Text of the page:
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It is one hundred and thirty years since Franz Ziehl and Friedrich Neelsen developed the rapid stain for acid-fast bacilli;1 ,2 accurate point-of-care diagnosis of active tuberculosis (TB) remains a major unmet clinical need. With the sensitivity of the Ziehl–Neelsen stain in sputum less than 50% and more than 20% of TB cases negative on both acid-fast stain and culture for Mycobacterium tuberculosis, there has long been a yawning gap in the diagnostic toolkit for TB. New rapid molecular methods have recently improved detection of M tuberculosis nucleic acids in sputum providing diagnostic sensitivity that is much higher than sputum-smear microscopy but lower than culture.3
The longstanding diagnostic gap has stimulated decades of research into immunodiagnosis, mostly serological. Although serological tests for TB are point-of-care, they lack diagnostic accuracy and are devoid of clinical utility. After thorough review of the evidence, and on account of their continued widespread misuse in many high-burden countries, WHO recently tried to bury current commercial serological test kits with a negative endorsement warning against their use.4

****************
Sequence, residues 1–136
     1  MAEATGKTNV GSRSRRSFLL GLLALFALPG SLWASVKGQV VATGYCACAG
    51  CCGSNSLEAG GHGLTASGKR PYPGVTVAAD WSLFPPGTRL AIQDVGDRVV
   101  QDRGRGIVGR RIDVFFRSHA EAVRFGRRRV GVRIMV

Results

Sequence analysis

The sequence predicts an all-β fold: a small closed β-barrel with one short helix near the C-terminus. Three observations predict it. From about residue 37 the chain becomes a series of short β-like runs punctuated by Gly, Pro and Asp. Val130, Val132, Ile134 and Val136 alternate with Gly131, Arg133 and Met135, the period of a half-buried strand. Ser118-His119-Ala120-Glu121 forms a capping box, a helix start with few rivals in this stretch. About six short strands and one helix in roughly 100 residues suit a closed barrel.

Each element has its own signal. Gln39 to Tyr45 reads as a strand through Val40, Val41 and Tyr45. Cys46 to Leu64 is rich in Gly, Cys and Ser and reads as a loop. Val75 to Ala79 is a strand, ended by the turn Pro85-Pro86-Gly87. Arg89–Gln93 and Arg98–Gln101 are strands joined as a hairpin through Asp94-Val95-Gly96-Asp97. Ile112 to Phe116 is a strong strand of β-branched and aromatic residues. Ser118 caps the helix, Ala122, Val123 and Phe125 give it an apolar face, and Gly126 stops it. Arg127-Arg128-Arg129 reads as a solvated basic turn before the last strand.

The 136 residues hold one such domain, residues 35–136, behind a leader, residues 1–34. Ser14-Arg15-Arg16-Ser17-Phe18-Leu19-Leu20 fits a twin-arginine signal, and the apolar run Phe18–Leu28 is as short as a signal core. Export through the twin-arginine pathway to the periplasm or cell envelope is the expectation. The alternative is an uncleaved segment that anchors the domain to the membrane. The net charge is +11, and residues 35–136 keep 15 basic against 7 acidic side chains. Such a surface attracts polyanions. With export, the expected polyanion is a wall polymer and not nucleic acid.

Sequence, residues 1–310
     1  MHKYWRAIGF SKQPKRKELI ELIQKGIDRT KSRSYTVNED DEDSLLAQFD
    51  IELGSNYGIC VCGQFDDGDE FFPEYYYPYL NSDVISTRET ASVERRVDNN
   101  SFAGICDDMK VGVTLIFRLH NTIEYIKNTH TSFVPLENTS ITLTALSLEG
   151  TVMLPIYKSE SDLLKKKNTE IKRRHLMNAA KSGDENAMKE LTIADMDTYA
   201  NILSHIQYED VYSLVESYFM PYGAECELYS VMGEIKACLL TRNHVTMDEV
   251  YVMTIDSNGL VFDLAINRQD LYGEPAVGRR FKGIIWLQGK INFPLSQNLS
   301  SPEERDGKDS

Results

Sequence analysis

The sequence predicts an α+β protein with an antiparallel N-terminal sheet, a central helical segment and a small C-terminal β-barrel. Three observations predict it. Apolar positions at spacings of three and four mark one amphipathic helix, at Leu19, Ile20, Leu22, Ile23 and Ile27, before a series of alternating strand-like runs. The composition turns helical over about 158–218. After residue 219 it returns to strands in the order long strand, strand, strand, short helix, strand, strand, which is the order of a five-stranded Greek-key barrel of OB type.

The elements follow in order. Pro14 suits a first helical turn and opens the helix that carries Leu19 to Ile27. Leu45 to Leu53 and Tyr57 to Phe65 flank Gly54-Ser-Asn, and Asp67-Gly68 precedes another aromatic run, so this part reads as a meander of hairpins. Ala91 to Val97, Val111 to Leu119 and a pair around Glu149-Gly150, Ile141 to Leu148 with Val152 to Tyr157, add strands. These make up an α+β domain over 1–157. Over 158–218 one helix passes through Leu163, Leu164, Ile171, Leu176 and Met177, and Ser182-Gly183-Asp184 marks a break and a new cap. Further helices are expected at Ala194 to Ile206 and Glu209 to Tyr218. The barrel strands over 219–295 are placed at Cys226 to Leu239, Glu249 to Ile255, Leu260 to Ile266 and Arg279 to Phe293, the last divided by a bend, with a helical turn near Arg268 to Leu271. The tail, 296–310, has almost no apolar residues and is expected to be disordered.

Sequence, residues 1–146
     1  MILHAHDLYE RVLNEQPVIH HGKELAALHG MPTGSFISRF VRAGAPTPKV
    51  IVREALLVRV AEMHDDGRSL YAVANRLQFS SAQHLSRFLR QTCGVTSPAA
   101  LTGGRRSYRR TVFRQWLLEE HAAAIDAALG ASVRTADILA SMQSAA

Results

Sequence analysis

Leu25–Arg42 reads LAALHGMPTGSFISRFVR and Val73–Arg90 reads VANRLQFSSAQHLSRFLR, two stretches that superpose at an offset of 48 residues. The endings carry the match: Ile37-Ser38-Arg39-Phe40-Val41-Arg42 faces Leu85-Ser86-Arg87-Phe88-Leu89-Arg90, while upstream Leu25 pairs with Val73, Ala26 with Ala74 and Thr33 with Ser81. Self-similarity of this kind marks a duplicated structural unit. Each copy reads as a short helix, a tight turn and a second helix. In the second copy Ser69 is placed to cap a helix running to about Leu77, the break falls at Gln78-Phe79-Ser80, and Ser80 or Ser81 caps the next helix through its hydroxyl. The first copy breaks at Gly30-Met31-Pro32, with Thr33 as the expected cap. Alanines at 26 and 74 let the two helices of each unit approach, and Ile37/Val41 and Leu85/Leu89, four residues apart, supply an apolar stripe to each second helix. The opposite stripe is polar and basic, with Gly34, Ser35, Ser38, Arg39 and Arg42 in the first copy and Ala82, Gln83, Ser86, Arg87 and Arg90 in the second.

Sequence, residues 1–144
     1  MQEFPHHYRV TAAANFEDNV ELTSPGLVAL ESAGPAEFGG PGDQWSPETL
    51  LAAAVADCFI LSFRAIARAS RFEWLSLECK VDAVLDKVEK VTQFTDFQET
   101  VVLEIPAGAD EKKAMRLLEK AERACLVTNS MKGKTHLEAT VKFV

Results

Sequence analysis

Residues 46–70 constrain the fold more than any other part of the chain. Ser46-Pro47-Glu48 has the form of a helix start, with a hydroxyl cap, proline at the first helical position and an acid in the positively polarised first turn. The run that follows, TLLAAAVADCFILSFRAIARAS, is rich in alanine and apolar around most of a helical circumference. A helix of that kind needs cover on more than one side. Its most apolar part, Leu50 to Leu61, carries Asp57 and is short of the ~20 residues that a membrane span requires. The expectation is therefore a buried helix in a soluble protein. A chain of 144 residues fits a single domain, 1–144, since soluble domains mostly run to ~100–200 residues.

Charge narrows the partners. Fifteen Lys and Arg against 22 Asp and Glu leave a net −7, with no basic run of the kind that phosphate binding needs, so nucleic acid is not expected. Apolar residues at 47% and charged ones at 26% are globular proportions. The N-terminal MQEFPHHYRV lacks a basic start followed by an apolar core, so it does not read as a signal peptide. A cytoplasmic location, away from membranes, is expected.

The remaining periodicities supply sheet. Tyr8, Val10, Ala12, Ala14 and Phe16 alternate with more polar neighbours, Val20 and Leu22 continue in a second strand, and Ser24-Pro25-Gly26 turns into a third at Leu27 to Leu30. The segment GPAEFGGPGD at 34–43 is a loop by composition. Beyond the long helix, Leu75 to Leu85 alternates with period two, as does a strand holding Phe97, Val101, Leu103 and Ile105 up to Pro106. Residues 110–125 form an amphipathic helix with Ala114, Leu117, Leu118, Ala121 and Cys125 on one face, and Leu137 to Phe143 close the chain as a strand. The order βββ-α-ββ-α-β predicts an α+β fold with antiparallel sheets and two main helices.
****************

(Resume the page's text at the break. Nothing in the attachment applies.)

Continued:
Research into cellular immunodiagnosis has been more fruitful, delivering a tangible advance in clinical practice in the form of interferon-gamma release-assays (IGRA).5 IGRA detect M tuberculosis infection, providing a new standard-of-care for diagnosis of latent TB infection (LTBI), but they cannot distinguish active TB from LTBI. Hence, their potential role in evaluation of patients with suspected active TB is limited to that of a possible rule-out test of TB, yet currently available IGRA lack sufficient diagnostic sensitivity for this indication, as discussed elsewhere in this issue of Thorax.6 ,7
Are there immune responses that differ sufficiently between active TB and LTBI to enable development of an immunodiagnostic test that is specific for active TB? Quantifying genome-wide host gene-expression yielded a …
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